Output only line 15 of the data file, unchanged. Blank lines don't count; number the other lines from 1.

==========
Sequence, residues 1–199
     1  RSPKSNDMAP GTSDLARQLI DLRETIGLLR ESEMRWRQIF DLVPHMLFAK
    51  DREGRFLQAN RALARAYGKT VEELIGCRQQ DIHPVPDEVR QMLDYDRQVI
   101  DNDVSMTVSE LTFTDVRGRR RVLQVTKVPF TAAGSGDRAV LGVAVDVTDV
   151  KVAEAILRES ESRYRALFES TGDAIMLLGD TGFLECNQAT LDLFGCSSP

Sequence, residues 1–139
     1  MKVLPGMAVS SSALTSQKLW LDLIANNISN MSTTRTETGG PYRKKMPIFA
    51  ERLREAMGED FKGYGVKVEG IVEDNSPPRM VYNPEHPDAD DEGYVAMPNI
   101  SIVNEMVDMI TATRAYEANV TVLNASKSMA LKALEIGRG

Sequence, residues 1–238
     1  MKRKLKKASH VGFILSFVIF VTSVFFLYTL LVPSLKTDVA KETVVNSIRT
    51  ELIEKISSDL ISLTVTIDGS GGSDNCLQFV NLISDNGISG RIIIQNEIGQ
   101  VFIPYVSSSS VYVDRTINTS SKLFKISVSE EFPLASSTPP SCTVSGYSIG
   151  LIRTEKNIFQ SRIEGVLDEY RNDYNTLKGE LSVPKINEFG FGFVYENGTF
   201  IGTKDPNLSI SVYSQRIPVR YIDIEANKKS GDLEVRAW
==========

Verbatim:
   201  IGTKDPNLSI SVYSQRIPVR YIDIEANKKS GDLEVRAW